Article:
We didn’t recognize Beth’s skirt as the Everyday Skirt when we first saw it on Instagram. Not only did she extend it to maxi length, but she made it in a jersey knit. Read on to see how she did it.
Name: Beth Van
Country: Chicago, Illinois.
Where can we find you on the Internet? Instagram
I have to start with a confession. I only own four skirts and three of them are versions of the Everyday Skirt pattern. That probably tells you right away how I feel about this pattern! It is such a satisfying project to sew and is an easy, flattering, versatile garment to wear, just like the name suggests.
For my first two versions of this pattern, I used stable, mid-weight cottons, as suggested. For my latest version, I decided to bring to life an idea that I had in mind for quite a while: a midi or maxi length Everyday Skirt.
I didn’t just want a longer skirt. I also wanted it to be made from comfy, swishy jersey knit. Jersey knits behave very differently than woven cottons, but I was fairly confident that my idea would work.
Pattern used: Liesl and Co. Everyday Skirt
Fabric used: Bamboo jersey knit
Did the fabric work well?
I am very happy to report that the Everyday Skirt works well when made in jersey knits! If you are not comfortable sewing knits yet, I would not necessarily suggest this as a first pattern to try, but if you are experienced sewing with knits, you are not likely to run into any difficulties.
I sewed my usual size rather than sizing down, as is often recommended when modifying a pattern for knit fabric, because I wanted to preserve the fullness of the gathers.
I made minor modifications to deal with the heavier weight and drape of the bamboo jersey knit:
- The first change I made was to shorten the elastic in the back waist casing by about one inch. I did this because the weight of the longer, heavier fabric was pulling the skirt down my waist when I used the recommended elastic length.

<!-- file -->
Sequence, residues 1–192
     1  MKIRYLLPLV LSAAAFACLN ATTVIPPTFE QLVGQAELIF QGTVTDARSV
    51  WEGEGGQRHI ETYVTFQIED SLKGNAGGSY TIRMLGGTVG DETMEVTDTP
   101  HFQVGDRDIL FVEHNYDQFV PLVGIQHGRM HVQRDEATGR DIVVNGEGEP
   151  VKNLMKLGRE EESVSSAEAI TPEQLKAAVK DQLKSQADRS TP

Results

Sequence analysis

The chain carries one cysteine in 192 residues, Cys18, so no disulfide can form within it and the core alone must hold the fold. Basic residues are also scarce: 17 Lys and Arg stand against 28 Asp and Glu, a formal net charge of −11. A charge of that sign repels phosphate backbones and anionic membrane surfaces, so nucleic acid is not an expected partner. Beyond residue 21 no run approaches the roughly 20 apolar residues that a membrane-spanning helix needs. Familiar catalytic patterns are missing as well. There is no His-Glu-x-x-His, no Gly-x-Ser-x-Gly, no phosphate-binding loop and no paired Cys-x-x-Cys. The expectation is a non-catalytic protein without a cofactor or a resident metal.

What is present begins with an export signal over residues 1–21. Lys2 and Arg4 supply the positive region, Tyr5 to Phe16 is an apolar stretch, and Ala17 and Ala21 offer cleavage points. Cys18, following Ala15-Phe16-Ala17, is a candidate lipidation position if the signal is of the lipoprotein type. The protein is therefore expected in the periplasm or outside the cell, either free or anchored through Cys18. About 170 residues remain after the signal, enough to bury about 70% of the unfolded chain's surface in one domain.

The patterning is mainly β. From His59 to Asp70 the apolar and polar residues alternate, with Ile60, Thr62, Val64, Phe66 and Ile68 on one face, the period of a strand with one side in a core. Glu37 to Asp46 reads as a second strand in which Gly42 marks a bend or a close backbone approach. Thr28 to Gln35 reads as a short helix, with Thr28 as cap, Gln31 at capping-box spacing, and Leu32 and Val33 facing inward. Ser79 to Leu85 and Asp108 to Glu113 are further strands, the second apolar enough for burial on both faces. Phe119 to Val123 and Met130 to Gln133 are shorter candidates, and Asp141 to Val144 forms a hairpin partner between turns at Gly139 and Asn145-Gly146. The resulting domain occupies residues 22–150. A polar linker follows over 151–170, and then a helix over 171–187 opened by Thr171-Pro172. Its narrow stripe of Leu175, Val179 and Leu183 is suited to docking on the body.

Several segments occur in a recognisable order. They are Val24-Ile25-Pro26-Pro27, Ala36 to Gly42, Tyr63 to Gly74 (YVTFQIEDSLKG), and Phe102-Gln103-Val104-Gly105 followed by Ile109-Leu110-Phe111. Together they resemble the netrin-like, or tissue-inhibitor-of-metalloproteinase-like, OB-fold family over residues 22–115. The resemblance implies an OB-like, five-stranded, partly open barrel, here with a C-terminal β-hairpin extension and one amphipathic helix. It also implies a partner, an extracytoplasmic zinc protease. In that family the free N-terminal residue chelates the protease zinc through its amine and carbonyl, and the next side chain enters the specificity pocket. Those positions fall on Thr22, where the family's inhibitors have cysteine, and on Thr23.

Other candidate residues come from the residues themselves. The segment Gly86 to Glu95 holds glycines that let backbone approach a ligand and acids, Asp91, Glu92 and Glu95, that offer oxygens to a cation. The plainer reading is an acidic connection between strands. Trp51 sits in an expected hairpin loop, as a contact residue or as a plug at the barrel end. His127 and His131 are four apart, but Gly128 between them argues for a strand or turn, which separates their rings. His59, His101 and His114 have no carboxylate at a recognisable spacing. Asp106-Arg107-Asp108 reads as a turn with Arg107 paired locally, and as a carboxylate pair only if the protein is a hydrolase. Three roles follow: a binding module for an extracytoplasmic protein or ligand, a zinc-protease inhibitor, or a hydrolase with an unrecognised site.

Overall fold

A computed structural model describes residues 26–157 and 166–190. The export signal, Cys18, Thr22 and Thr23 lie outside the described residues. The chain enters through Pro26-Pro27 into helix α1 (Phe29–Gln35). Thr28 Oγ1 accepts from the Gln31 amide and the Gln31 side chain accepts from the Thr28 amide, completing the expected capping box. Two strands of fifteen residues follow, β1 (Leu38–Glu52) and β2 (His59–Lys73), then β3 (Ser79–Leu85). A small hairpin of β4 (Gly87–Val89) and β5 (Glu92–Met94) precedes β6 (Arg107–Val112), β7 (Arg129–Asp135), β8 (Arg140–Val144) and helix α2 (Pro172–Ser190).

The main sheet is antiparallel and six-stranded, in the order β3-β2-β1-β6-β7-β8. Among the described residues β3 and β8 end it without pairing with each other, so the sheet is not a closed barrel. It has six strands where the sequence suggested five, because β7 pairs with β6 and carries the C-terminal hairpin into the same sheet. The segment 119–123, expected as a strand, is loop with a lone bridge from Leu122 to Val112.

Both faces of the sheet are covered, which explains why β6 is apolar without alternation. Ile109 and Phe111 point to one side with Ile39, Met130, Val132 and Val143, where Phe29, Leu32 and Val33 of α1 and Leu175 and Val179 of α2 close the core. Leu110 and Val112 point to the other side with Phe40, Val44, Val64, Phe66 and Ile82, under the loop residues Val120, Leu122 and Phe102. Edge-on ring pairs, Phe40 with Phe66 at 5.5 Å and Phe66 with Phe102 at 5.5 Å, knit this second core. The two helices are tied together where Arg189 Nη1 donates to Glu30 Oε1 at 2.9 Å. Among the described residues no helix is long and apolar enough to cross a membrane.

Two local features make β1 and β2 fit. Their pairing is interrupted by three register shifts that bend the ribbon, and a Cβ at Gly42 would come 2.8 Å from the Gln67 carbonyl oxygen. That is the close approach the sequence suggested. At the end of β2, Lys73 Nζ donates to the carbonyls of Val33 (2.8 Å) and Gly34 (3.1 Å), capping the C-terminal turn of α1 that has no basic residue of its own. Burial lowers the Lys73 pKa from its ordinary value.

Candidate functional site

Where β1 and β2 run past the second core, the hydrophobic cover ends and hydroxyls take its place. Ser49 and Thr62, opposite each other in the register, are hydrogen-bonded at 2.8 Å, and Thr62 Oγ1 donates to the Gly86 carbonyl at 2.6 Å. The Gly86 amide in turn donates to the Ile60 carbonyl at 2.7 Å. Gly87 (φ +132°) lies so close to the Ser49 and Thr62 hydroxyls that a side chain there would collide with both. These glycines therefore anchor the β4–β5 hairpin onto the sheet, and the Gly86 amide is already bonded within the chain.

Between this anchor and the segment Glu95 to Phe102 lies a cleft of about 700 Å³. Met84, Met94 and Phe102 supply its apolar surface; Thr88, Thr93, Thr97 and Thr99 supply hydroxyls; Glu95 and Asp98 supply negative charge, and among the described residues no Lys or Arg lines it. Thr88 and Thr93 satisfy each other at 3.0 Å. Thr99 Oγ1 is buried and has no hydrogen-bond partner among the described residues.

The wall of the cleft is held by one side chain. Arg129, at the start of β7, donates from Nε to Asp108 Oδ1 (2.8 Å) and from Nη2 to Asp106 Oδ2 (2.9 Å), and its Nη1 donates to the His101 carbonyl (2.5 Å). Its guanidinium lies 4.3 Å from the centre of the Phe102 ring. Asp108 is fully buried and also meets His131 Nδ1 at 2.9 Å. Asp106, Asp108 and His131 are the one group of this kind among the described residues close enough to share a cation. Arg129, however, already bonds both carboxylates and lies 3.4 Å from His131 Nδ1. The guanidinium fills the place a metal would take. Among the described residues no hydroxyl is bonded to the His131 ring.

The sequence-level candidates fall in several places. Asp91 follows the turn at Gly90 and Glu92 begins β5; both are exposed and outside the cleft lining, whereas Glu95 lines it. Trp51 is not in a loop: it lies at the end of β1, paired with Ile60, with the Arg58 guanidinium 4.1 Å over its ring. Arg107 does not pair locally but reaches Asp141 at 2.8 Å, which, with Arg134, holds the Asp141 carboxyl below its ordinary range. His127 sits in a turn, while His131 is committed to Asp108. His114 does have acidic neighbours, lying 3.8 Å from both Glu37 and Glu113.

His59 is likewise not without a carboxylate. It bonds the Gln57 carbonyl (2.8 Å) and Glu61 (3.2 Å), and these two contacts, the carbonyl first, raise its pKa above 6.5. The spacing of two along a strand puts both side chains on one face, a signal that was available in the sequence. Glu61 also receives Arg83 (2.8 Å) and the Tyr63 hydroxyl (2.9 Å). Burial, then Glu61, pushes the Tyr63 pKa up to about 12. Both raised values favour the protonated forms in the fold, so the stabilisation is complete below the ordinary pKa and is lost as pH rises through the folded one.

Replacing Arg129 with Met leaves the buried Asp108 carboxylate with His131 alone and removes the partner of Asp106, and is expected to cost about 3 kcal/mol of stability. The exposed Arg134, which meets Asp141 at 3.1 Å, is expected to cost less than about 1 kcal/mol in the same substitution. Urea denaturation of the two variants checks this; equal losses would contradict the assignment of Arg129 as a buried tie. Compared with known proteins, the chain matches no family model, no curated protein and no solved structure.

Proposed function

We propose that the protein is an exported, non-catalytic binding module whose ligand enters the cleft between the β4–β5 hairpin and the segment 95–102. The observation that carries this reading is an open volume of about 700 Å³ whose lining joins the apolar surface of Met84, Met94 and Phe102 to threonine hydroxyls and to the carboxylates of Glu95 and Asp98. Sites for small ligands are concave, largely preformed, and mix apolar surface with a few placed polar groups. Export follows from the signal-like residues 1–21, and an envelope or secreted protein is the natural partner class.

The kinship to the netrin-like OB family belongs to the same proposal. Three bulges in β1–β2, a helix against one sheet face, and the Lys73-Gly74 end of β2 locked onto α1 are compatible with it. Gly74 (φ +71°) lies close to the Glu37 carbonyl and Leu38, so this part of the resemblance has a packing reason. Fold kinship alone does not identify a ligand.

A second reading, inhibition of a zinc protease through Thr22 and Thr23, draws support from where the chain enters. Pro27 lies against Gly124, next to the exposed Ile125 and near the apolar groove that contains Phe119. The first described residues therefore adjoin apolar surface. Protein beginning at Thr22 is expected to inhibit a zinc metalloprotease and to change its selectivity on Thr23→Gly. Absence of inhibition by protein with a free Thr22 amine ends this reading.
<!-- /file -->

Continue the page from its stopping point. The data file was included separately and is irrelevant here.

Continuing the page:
- I used one length of 1″-wide elastic instead of two parallel lengths of 1/2″-wide elastic, as the pattern calls for. This was not an intentional design decision. I used wider elastic because that was what I had on hand in my stash. I don’t know if this change had any effect on the fit, but I thought I would mention it.
- My final modification was to spread out the back waistband evenly over the elastic and tack it in place at the center back. I did this because, when I first tried on my skirt, the gathers in the back didn’t distribute themselves evenly. Dividing the back waistband into two sections has helped prevent the gathers from bunching up too much on one side or the other.
How did the sewing go?
Sewing the Everyday Skirt pattern has been a pleasure each time I have made it! The pockets, side panels and construction of the waistband add interest, without making it too challenging to sew. I would highly recommend this pattern to both beginner and experienced seamstresses.
If you are new to modifying sewing patterns, this would be a great one to start with, too. I found it very simple to lengthen this pattern and still achieve the look I was after. I simply added about 10″ to the overall length of the side, front, and back skirt pieces. On the side panels, which are angled, I continued the pattern at the same angle, which means that the hem circumference of my longer skirt is also larger than the original. This worked great in such a drapey knit, but it may not be a desirable characteristic in a stiffer fabric.
What was the best part?
Putting it on as soon as I had snipped the last thread tail was the very best part of sewing this pattern! Once I got started on this project, I knew I had to finish it as quickly as possible. I probably wore this skirt three or four times before I even got a single photo because it kept going straight from the washing machine to being worn. The Everyday Skirt pattern and my newest version of it are wardrobe staples that I know I will make and wear over and over. I have even chosen this garment for the Ways to Wear It challenge!